Let Your Community Plant Their Flag

Re-imaging user-generated content to be more like fan fiction

I was taking a walk a few weeks ago on one of the rare sunny days we’ve had in Boston this fall. While carefully crossing a busy intersection down in the Financial District, I started to have a ‘wouldn’t it be great if…’ conversation with myself. Not out loud of course, that would be insane, but in the way that you chew on an idea while you’re enjoying the mix of commuters, college kids, and selfie-taking tourists buzzing around you in the late afternoon.

This time I asked, “Wouldn’t it be great if a brand’s community was so excited about it that they actually wanted to participate in the story?”

I immediately drew a connection to fan fiction. In my spare time I write creatively. One of my goals is to have someone love my story so much, they want to write fan fiction about it. To me, that’s a massive accomplishment.

What if brands worked the same way?

What is fan fiction, anyway?

First, let’s establish a few things about fan fiction for the purpose of this article.

While often considered a newer, internet-of-things phenomenon, fans were sharing stories about Jane Austen (know as Janeites) long before we communicated through screens.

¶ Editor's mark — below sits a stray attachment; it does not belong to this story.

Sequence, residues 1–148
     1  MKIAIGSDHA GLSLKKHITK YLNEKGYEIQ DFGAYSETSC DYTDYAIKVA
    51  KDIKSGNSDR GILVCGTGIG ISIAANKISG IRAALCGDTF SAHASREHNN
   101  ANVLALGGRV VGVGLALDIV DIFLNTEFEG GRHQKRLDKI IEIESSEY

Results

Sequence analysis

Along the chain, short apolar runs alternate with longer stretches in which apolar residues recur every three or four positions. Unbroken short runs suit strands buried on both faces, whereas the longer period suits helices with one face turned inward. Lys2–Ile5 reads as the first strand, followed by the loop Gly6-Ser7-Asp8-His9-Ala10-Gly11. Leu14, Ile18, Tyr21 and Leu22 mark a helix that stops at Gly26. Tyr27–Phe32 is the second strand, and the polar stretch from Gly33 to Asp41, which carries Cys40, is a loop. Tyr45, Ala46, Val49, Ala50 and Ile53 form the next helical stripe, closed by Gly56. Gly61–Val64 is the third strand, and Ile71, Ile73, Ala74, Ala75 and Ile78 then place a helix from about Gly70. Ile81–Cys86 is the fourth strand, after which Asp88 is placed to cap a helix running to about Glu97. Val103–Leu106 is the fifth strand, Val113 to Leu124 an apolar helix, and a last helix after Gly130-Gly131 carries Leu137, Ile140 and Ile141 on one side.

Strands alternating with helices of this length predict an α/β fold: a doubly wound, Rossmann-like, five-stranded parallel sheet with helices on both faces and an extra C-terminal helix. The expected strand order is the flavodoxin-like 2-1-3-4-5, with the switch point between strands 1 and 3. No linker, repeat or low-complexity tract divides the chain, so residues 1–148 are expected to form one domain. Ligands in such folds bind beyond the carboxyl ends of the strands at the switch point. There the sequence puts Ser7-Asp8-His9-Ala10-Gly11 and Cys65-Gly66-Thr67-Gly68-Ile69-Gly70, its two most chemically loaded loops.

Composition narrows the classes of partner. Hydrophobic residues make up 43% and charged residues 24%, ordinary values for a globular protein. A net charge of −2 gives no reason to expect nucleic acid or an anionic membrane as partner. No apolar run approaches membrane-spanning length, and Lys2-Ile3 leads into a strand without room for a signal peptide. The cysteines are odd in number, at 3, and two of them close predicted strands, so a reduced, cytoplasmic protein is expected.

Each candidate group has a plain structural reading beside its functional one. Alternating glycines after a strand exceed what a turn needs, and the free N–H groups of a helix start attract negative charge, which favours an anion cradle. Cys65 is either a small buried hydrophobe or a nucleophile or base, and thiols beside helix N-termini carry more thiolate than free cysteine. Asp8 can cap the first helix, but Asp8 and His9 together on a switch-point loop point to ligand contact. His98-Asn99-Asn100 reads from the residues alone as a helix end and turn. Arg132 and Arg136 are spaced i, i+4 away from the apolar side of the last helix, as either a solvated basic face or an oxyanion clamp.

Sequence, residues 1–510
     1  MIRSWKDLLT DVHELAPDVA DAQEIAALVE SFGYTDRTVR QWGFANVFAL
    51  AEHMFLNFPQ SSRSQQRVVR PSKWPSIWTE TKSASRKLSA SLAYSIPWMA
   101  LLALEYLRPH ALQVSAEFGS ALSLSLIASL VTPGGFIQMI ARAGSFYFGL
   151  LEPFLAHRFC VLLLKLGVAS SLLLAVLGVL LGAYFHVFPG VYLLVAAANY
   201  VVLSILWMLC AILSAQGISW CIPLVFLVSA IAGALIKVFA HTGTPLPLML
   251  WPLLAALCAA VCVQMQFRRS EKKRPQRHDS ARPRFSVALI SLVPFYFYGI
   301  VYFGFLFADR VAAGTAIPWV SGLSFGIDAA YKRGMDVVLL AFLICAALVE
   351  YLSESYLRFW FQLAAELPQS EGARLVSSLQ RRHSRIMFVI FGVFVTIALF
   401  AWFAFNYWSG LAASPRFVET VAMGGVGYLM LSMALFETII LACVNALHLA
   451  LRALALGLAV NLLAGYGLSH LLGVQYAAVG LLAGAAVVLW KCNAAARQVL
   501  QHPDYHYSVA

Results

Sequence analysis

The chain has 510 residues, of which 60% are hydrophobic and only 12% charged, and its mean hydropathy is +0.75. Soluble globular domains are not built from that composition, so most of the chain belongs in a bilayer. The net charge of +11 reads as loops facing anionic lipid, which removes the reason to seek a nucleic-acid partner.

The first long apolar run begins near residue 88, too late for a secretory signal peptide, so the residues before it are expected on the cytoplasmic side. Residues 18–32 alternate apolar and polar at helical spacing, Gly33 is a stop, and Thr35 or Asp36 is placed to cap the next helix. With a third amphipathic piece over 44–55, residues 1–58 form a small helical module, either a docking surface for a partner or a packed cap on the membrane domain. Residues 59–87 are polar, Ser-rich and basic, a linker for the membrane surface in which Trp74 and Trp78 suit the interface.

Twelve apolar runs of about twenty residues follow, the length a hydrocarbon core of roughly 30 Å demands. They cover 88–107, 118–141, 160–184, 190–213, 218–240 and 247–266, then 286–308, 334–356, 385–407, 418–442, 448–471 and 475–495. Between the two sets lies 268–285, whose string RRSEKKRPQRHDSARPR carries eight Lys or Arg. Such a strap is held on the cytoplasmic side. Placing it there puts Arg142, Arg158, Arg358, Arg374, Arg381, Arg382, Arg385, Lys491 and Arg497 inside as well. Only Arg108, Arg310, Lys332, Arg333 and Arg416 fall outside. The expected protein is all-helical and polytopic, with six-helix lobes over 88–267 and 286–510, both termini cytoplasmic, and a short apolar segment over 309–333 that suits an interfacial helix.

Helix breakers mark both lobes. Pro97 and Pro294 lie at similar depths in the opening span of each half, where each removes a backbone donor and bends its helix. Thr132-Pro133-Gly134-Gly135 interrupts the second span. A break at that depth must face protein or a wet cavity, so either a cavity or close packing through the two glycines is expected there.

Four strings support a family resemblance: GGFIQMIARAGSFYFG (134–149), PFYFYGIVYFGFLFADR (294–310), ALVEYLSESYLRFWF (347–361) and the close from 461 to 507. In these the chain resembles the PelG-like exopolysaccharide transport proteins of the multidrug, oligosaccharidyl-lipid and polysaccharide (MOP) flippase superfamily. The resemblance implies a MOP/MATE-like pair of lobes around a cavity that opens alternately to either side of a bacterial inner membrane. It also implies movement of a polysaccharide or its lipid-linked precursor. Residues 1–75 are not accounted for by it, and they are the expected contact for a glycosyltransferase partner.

One of the movements that really got fan fiction off the ground was Star Trek, particularly the original series: “This series not only inspired fans, but it offered a whole infrastructure with which they could interact. There were conventions to attend and magazines where they could be published,” said writer Alice Bell.

If you think fan fiction is still a niche thing, realize that success stories include 50 Shades of Grey which started as a popular Twilight fanfic.

But back to the question — what is fan fiction, exactly? For the purpose of this article, I would define fan fiction as recursive literature that involves existing fictional characters, takes place in existing fictional worlds, and tends to circulate outside the “official” realm of publishing.

The idea that fan fiction exists outside the formal publishing industry is probably common knowledge, but let’s break down what it means to say fan fiction is recursive. “Objects that are recursive are always recursive to another object. In a textual sense, the term marks a specific, and active, relationship between texts,” says Catherine Tosenberger in her article Mature Poets Steal. She continues to say, “Recursive” refers to an action. Given the choice, I prefer the term that contains the greater assumption of agency, of action, for the activities of fans.”